(Courtesy of ARA Content)
The bad news from Hurricane Katrina is now spreading across the country. The Department of Energy reports natural gas prices will leap up to 71 percent this fall and winter, due to damage caused by the storm. This translates into a $600 jump in home heating for most homeowners, according to the Georgia Public Service Commission. Now is the time to give your home a “check-up.” Here are six tips from the Comfort Institute to make your home an energy sipper instead of a gas guzzler!
1. Have your duct system tested for air leaks. Many assume that windows and doors are the major cause of a home’s energy wasting air leaks. But according to recent research by the Department of Energy (DOE), gaps, joints and disconnections in the typical home’s duct system are much more significant. The DOE states that the typical duct system loses 25 to 40 percent of the energy put out by the central furnace or heat pump. Authorities recommend having a heating contractor test for leaks and then seal them with a brushed on fiber-reinforced elastomeric sealant. Duct tape usually dries out and fails. It turns out duct tape is great for many things, but sealing ducts isn’t one of them!
2. Ask your contractor to perform an Infiltrometer “blower door” test. The blower door is a computerized instrument originally invented by the Department of Energy. It pinpoints where your home’s worst air leaks are, such as duct leaks, and also measures how leaky the overall house is. Most homes have the equivalent of an open window in combined air leaks. Many heating contractors offer an Infiltrometer test as part of a “Whole House Health & Comfort Checkup” that also checks insulation levels and overall duct performance.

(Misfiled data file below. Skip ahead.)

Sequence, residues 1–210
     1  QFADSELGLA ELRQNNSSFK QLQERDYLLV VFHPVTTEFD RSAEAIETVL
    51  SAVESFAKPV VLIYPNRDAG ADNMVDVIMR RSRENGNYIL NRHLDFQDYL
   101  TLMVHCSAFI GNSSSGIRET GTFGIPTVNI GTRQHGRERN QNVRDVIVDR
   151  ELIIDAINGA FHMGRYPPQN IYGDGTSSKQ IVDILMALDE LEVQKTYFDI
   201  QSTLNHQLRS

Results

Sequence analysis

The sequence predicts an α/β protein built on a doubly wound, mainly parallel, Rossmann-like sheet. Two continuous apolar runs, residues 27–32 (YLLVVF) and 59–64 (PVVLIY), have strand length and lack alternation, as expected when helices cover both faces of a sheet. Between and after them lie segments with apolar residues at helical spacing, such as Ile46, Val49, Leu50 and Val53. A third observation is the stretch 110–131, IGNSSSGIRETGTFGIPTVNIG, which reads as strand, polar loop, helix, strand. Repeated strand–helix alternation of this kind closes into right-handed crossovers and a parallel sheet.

3. Close your fireplace damper. Did you remember to close it last time you used the fireplace? Shut it now or waste precious warm air all winter long!
4. Replace your furnace or heat pump air filter. Most systems need this done every month to ensure safe and efficient operation. Keep forgetting to do it? Ask your contractor for information on an extended surface area whole house air filter that only needs to be replaced once a year. It also does a far better job of keeping your equipment and the air in your home clean.
5. Have your heating system cleaned and tuned. A pre-season tune up is a great investment. It reduces the chances of breakdowns on cold winter nights, improves safety, and more than pays for itself through more energy efficient operation. For a free report: “How To Identify a Good Heating and Cooling Contractor,” go to www.comfortinstitute.org.
6. Install a programmable set-back thermostat. Turning down the thermostat 8 degrees for 8 hours a day will save 8 percent on home heating costs. An easy way to take advantage of these savings is to lower the thermostat temperature while away from home or sleeping. Ask your heating contractor about new models which are much easier to program.
7. Consider replacing your old furnace or heat pump. Just like a car, heating and cooling equipment doesn’t last forever. Is your system more than 12 years old? Planning to stay in your home more than a few years? Many authorities recommend replacing it before it fails permanently. A new system is safer, improves comfort, is more dependable and creates less air pollution. New units pay for themselves over time as they are up to twice as energy efficient. However, government and utility research has found that over 90 percent of newly installed high efficiency systems have energy wasting mistakes. Do some homework before talking to contractors.
For more information, visit www.energystar.gov and www.comfortinstitute.org. Print out the free Comfort Institute report “Tips and Secrets To Buying A New Heating and Cooling System.”